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Don't use the hit rate as a quality measure for interval predictions. (Or if you do, do not be surprised if your winning algorithm predicts an interval of $(0,300)$ for all instances and gets a hit rate of 100%.) Your quality measure needs to balance coverage and length of the prediction intervals: yes, we want high coverage, but we also want short ...


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If you addressed the multicollinearity issue by mean centering the data, then no issue with short-range prediction. With longer horizons, however, the question is do the historical means, to which you are adding the expected change per the regression model, remain valid? A lesser issue if your interest is in percent change forecast and your variables are ...


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Like you quoted, multicollinearlity presents a much bigger problem for inference than prediction. Prediction is mostly fine under multicollinearity as long as the variables stay collinear (although if you get close to perfect collinearity, you can get some precision issues with regards to things like matrix inversion). But there is the issue that we don't ...


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You mentioned an ANOVA as well as prediction of an outcome. So you can run a linear regression with the predictors being an indicator for the binary variable and dummy variable for three of the four categories of the ordinal variable. You'd only need 3 dummy variables since you need to drop one as the base case. (In case you don't know, a dummy variable is ...


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Don't use thresholds in assessing models. (See here for some of the problems with them.) Instead, find out which of your models yield well-calibrated and sharp probabilistic predictions, using proper scoring rules. We have a scoring-rules tag. (Consider combining models, this often improves predictions.) Once you have a well-performing model, consider using ...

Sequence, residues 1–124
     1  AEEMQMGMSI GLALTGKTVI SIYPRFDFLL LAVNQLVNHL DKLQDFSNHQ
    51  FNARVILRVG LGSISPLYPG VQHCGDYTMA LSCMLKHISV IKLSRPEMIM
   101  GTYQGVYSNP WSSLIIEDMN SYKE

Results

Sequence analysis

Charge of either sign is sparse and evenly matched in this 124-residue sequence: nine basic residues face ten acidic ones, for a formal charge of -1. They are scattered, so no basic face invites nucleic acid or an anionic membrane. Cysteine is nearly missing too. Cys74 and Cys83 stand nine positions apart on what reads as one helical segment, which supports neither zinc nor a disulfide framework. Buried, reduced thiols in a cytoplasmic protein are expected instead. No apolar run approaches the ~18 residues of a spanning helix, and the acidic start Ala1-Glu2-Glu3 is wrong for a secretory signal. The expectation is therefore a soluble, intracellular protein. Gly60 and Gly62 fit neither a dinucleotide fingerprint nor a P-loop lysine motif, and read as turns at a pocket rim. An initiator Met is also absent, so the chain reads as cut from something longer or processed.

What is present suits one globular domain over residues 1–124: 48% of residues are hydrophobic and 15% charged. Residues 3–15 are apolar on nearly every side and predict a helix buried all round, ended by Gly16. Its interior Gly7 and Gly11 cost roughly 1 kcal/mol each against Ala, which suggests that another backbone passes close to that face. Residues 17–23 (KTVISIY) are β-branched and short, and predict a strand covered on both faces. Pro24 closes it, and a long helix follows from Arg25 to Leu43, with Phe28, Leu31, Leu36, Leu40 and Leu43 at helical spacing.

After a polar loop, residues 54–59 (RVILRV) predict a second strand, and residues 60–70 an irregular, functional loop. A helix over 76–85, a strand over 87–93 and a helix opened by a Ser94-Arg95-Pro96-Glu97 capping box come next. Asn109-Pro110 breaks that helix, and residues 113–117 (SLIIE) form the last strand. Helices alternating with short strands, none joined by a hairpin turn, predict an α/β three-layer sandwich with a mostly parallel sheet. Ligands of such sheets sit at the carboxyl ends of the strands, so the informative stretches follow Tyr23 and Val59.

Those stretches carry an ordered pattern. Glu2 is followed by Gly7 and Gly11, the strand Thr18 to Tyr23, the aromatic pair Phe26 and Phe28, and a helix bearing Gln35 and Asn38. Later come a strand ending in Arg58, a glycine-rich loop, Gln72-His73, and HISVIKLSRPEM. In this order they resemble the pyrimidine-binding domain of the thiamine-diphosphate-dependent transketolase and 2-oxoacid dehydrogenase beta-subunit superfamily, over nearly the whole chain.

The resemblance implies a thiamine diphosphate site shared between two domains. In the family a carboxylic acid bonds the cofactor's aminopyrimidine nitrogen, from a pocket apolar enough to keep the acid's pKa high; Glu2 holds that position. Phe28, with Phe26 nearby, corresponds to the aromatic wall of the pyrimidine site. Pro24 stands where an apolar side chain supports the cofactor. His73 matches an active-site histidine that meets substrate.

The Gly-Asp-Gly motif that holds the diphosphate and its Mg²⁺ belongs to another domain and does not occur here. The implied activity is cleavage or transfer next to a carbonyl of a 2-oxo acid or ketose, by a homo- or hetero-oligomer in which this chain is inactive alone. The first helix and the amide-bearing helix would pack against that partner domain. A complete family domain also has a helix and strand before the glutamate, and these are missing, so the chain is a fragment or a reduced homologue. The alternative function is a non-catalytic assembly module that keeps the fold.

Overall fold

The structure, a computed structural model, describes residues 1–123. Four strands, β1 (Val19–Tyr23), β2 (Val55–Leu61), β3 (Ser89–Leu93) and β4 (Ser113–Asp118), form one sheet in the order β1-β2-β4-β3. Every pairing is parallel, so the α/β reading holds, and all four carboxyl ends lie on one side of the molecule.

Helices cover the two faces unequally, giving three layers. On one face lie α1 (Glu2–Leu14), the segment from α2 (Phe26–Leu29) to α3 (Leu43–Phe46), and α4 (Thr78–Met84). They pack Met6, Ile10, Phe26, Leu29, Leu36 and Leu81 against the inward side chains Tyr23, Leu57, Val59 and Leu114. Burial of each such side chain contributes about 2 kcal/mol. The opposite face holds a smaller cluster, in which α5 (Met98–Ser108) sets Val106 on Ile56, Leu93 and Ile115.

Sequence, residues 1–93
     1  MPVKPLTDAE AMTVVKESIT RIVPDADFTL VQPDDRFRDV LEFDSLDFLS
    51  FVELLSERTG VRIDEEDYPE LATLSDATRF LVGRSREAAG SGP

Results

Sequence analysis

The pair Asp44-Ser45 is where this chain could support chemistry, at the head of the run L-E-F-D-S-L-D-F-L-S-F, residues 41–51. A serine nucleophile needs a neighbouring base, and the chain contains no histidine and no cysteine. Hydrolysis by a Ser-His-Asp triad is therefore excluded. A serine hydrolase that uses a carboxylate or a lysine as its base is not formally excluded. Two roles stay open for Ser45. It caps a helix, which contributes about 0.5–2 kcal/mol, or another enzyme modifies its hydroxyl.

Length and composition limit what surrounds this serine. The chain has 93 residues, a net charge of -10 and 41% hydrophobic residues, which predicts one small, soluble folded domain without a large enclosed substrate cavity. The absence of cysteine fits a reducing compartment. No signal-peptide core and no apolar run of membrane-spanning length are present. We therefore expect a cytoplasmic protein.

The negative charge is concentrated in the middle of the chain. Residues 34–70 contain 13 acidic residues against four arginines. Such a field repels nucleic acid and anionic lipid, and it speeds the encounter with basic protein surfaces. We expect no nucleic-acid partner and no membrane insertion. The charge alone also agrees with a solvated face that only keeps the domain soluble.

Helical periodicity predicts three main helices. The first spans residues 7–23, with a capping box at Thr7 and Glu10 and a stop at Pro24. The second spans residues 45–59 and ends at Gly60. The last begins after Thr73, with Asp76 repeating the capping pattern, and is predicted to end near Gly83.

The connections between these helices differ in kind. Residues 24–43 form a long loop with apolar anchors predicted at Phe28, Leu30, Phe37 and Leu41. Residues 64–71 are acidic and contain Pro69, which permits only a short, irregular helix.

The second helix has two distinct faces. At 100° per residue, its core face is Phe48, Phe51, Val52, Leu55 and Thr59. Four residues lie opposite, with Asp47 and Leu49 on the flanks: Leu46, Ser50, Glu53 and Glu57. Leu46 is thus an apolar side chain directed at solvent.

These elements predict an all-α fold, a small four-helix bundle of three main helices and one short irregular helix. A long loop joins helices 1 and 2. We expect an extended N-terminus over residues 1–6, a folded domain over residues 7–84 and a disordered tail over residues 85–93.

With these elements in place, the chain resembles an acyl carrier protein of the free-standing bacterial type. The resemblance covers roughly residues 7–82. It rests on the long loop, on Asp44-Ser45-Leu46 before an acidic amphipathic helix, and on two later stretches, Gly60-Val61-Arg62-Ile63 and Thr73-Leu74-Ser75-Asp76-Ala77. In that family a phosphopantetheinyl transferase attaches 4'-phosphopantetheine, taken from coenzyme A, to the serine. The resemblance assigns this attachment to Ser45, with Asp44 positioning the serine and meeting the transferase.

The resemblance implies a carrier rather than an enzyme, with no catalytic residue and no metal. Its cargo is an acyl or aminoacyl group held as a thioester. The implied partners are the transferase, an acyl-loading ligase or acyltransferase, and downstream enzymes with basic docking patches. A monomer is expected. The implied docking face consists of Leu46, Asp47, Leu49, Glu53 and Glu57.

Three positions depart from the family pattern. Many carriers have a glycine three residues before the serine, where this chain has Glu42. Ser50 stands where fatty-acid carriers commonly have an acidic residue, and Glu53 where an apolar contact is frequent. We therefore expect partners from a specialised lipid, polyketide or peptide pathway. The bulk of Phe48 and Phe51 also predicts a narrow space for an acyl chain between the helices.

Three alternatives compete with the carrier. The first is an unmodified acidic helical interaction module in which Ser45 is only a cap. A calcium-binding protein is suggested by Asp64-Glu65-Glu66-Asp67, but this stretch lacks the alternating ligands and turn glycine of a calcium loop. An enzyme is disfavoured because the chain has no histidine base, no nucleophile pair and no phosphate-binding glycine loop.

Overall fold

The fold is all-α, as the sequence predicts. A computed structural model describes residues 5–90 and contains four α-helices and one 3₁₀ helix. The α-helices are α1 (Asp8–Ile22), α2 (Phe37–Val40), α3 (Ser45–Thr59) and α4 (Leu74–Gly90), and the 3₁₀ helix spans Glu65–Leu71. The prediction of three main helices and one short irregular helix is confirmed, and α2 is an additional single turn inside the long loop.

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All KPIs in classification can be important. (See the Wikipedia article on sensitivity and specificity for the entire zoo of common KPIs.) Which one is more important depends on the costs of correct and wrong classifications. Sometimes false positives are more costly than false negatives, or vice versa, and the relationships between these costs (and those of ...


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I can offer a real world answer, but it is anecdotal. From a long life sampling way too many doctors, what doctors actually weigh very heavily is what they are seeing, to the point they fail to diagnose situations that do not fit the population. To make an example, doctors often see sebaceous (fatty) cysts under the skin, so tend to diagnose all ...


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MAE=10 implies that, on average, the forecast's distance from the true value is 10 (e.g true value is 200 and forecast is 190 or true value is 200 and forecast is 210 would be a distance of 10). MAPE=10 implies that, on average, the forecast's distance from the true value is 10% of the true value (e.g true value is 100 and forecast is 90 or true value is 100 ...


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Hard to know exactly without knowing what kind of model you're using, but it would be worth repeating the model without age to see what you get. It could be that you're missing important correlations by adjusting for age. Collider bias is one potential issue here. I would report univariable correlations and a multivariable model in this case.


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Both Kendall Tau and Spearman R rank are all kind of correlation indicators, each has it's own assumptions and focus. But none of the focuses is about "prediction power". Prediction power is influenced by not only correlations, but also assumptions implied in your model. From this perspective, your second approach, which in essence is a model selection ...


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This is a regression problem, so why are you using accuracy as a metric? It makes sense that your predictions will not exactly match the label value, as the output is continuous. So try MSE, RMSE, or some other continuous metric. Your loss function is converging, so there might not be a problem with the model structure at all.